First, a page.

‘It can kill you!’ says the volcano on La Palma. As the lava strikes the water, toxic LAZE billows out.

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‘It can kill you!’ says the volcano on La Palma. As the lava strikes the water, toxic LAZE billows out.

HARMFUL fumes have begun to billow from the volcano on the island of La Palma as it approaches the sea. Only one person died the last time the volcano erupted in 1971, and it was due to inhalation of the deadly vapors.

When the molten rock dropped from a 100-meter-high cliff and collided with the ocean, it emitted a plume of black smoke. A two-nautical-mile exclusion zone has been imposed around the area where the lava is likely to enter the sea, and inhabitants in the area have been advised not to leave their houses. The island saw 29 earthquakes yesterday, with magnitudes ranging from 2-3.3 on the Richter scale. Inhalation of the volcano’s deadly fumes killed one man when it last erupted in 1971.

“The eruption is not stabilized at all,” a Pevolca spokeswoman stated. “It continues in a dynamic that is beyond our control.”

Four neighborhoods around the volcano are still under lockdown due to fears of dangerous gas leaks.

To generate donations for those impacted by the volcano, the Spanish Football Federation will sell off charred shirts from the Spanish national team.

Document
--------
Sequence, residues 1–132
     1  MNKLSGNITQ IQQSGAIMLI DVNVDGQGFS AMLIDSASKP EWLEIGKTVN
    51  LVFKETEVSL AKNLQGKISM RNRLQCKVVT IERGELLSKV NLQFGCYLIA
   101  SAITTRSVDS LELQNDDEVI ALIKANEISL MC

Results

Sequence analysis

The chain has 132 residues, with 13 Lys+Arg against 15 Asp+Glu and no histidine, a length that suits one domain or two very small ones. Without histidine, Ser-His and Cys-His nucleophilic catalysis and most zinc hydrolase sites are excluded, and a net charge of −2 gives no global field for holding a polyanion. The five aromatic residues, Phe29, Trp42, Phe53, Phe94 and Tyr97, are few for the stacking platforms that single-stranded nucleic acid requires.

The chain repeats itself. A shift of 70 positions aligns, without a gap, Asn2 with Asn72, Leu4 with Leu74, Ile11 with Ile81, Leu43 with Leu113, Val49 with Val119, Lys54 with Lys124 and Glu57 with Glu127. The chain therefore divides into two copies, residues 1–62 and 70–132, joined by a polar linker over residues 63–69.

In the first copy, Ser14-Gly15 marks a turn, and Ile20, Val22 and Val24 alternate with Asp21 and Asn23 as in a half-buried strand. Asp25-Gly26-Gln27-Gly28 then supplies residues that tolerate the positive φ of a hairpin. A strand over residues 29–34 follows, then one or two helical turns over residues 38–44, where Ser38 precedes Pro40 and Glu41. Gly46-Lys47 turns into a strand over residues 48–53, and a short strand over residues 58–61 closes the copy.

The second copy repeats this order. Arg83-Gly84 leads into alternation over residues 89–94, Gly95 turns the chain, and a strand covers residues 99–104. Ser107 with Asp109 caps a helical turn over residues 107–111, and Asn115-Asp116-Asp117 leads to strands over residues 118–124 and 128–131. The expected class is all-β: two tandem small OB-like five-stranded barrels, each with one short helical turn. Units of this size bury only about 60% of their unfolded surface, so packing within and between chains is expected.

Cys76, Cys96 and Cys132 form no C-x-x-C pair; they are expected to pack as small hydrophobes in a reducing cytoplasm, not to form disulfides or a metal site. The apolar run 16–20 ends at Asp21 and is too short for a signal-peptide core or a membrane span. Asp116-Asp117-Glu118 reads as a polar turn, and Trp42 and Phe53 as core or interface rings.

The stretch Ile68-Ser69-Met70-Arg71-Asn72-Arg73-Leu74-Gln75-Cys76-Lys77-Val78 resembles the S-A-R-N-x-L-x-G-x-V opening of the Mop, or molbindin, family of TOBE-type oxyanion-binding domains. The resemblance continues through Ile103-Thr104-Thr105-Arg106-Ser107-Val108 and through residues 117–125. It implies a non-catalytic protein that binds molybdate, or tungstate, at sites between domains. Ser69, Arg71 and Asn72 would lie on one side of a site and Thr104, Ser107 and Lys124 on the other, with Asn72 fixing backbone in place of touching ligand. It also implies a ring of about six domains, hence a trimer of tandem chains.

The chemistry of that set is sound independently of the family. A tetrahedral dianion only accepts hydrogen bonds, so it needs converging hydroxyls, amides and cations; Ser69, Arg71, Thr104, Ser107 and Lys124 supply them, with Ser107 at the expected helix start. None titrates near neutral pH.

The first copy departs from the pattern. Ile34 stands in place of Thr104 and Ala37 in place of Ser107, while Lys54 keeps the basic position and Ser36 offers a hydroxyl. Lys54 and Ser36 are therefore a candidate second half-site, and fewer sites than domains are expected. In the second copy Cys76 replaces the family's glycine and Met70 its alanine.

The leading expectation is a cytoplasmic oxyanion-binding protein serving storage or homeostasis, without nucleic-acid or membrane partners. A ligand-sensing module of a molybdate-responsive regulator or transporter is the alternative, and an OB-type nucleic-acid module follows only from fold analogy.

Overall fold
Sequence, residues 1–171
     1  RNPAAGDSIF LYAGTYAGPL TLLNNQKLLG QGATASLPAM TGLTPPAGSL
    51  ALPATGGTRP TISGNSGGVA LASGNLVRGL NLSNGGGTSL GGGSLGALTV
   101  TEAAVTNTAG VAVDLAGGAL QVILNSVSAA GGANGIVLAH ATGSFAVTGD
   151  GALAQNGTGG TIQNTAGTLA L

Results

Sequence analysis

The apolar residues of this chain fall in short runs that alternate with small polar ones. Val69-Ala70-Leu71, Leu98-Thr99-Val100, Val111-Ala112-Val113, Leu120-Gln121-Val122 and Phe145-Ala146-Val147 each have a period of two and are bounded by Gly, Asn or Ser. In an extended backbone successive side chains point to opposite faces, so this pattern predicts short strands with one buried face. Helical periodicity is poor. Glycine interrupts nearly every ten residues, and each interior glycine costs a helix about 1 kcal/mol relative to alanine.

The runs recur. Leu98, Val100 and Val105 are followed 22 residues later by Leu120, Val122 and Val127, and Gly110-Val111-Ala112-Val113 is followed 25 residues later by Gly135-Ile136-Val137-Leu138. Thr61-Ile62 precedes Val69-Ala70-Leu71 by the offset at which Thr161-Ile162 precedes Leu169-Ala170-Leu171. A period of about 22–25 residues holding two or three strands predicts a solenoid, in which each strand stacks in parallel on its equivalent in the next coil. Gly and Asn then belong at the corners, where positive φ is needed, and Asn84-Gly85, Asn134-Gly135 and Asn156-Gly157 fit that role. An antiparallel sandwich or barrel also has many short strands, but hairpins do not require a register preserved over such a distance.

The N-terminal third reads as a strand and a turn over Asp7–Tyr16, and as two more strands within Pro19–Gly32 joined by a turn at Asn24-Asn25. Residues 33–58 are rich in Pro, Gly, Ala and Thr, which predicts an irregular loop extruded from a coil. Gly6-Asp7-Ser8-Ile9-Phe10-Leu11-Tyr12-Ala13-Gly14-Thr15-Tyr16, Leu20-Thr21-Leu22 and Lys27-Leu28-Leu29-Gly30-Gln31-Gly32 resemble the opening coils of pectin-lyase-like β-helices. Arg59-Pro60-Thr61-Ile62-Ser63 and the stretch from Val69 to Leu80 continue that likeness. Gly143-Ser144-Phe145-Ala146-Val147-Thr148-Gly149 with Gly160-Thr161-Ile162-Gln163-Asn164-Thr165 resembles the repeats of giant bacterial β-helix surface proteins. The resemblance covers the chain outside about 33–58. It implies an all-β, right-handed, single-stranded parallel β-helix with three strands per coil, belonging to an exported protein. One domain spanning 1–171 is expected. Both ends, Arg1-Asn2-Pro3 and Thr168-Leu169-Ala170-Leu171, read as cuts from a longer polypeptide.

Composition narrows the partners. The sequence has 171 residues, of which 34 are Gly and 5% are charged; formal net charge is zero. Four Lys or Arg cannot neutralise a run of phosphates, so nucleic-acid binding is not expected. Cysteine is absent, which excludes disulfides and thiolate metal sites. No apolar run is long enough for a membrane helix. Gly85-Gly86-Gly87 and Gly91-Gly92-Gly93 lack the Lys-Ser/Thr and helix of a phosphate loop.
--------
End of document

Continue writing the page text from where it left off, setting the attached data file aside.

The lava from La Palma’s volcano has reached the sea in the same location as when it erupted in 1949.

There were no casualties in 1949, and there have been none so far in the current eruption.

However, this was not the case with the 1971 volcano, which reached the sea at a different location and killed one man due to poisonous gas inhalation.

The lava flows into the sea in this video.

The colas continue to fall into the sea, and the General Directorate of the Marina Mercante is maintaining vigilance with @Salvamentogob in the no-navigation zone between La Bombilla and 0.2 kilometers south of Tazacorte. #DGMM #Erupciu00f3nLaPalma pic.twitter.com/SX5HeBNpii #DGMM #Erupciu00f3nLaPalma La Cabildo de La Palma reported on Twitter that the air in La Palma is ‘absolutely’ breathable.

They claim that sensors used to detect the presence of gases have not detected any that could be dangerous.

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The eruption has had no effect on the air quality, which is perfectly safe to breathe. The devices for measuring the presence of gases take periodic measurements of this parameter and have not recorded any values that are considered harmful. “Brinkwire News Summary.”

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